Switching Story Structure in My Brain

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Not long ago, structuring my stories was my greatest challenge.  In fact, I still need to do it very deliberately.  Nowadays, my biggest challenges are transitions and descriptions.  These challenges all stem from one thing.

I think in pictures.

For me, a story starts out a huge pile of images.  The whole story is present in my conscious mind all at once all the time.  I can jump in and out of the story at any point in the timeline.  Very nonlinear.

This is great for story creation.

Turning my story into a manuscript other human beings can both comprehend and enjoy.  Not so much.  cqfqg9zumae_uhp

My last story, A Vintage Heart in Hollywood, was Contemporary Romance.

 

Now, I’m working on a Fantasy.  Yeah, let’s just call it that.  I mean, it’s other things, but that’s the one constant.  It’s also a Time Travel.  With elves.  And vampires.  And bigfoot.  Wait.  Squirrel!  Oh, sorry.  Got distracted again.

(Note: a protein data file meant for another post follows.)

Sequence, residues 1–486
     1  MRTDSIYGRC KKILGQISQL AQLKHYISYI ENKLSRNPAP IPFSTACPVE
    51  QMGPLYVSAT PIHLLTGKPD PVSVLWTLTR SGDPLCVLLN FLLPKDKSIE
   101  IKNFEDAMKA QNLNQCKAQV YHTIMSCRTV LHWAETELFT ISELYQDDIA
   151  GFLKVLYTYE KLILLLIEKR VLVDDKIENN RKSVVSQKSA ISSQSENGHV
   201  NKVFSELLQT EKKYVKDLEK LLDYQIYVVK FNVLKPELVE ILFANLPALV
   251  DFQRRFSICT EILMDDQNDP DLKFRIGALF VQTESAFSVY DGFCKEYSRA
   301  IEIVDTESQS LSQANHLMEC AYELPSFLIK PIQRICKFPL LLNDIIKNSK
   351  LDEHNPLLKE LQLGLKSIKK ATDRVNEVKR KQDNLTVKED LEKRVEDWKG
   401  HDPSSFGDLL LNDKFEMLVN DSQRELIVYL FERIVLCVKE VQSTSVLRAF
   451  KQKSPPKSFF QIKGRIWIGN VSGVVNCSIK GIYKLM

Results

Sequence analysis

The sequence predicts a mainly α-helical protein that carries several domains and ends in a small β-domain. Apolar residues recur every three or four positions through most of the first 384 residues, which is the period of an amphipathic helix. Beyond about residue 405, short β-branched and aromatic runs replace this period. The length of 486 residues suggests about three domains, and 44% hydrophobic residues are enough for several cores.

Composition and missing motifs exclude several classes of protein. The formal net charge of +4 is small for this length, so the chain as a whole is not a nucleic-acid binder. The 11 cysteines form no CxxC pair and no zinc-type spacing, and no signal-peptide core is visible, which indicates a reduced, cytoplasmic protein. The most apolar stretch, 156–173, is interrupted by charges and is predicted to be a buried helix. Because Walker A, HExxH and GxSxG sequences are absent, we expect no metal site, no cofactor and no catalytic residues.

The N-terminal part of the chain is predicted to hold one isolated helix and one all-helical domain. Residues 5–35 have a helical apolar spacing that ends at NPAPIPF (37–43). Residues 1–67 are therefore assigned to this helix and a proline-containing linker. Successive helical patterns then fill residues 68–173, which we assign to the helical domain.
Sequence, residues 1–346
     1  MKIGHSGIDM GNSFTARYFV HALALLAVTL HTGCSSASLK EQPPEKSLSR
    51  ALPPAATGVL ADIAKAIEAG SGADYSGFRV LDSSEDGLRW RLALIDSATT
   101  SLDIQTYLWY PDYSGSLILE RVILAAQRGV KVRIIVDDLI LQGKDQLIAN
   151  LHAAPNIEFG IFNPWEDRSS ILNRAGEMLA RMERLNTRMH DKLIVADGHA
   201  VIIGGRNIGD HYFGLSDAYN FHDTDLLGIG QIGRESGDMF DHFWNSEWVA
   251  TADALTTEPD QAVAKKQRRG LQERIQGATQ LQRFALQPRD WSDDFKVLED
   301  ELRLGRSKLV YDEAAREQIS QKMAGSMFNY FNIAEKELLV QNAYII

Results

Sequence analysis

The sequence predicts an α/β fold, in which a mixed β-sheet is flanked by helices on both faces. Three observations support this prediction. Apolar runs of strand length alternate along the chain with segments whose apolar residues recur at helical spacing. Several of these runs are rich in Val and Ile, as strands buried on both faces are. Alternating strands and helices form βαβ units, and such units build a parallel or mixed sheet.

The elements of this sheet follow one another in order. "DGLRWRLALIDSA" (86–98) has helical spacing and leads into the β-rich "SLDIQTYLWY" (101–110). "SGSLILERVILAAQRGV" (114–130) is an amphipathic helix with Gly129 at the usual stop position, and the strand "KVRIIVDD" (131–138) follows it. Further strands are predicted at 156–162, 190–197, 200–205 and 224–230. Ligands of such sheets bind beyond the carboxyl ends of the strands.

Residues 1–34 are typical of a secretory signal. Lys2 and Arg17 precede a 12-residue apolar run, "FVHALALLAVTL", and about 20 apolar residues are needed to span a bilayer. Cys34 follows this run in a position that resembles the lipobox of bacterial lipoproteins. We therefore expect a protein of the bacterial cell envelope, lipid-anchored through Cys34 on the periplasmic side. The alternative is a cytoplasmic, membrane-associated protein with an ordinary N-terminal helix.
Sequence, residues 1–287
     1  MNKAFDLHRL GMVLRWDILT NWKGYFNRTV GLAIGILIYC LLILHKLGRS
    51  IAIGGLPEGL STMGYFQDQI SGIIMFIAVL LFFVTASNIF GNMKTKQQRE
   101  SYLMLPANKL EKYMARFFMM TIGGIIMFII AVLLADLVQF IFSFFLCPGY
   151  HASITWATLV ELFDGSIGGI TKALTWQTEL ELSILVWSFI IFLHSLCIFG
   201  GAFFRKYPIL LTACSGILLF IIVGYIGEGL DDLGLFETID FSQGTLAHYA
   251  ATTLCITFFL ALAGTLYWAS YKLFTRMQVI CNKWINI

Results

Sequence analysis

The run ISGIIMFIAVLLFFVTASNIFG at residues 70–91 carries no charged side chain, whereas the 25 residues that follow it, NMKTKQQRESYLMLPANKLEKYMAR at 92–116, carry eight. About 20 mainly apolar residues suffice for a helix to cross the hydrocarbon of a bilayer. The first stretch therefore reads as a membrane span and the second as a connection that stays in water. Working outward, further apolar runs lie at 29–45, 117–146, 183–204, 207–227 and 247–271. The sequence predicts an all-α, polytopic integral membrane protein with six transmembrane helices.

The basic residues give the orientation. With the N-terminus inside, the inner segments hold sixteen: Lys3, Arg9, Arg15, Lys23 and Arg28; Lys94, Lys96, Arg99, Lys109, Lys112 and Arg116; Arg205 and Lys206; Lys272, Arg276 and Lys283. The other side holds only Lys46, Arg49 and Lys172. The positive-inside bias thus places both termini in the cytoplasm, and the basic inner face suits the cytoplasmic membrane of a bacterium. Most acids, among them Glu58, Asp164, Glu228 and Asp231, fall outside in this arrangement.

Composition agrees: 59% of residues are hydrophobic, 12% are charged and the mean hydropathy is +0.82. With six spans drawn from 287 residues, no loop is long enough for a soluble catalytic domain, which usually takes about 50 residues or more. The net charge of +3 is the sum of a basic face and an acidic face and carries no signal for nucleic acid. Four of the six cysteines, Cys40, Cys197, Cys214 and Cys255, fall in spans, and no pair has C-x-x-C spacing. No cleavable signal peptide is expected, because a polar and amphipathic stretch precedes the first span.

Okay, so An American Elf is basically a Fantasy.  That means a lot bigger, more complicated story structure.  Since I’m visual, part of the time_macine60process will likely get mapped out on a large sheet of poster board on the wall.  And also notecards.  Each major character with its own color code.  Oy.  Way different than a simple Contemporary Romance story structure.

It’ll be fun though.  I love all that stuff.  It’s the editing that turns me into a squished bug.

 

Guess I’d better go read some good books in this genre/subgenre to help my brain make the switch to the new structure.  The cover art is from some of those stories.

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For example, Twilight by Stephanie Meyer is an excellent example of First Person POV writing and world-building in the present day, I think.  Never really liked the two main characters, loved several of the minor ones though.

Happy Saturday.  🙂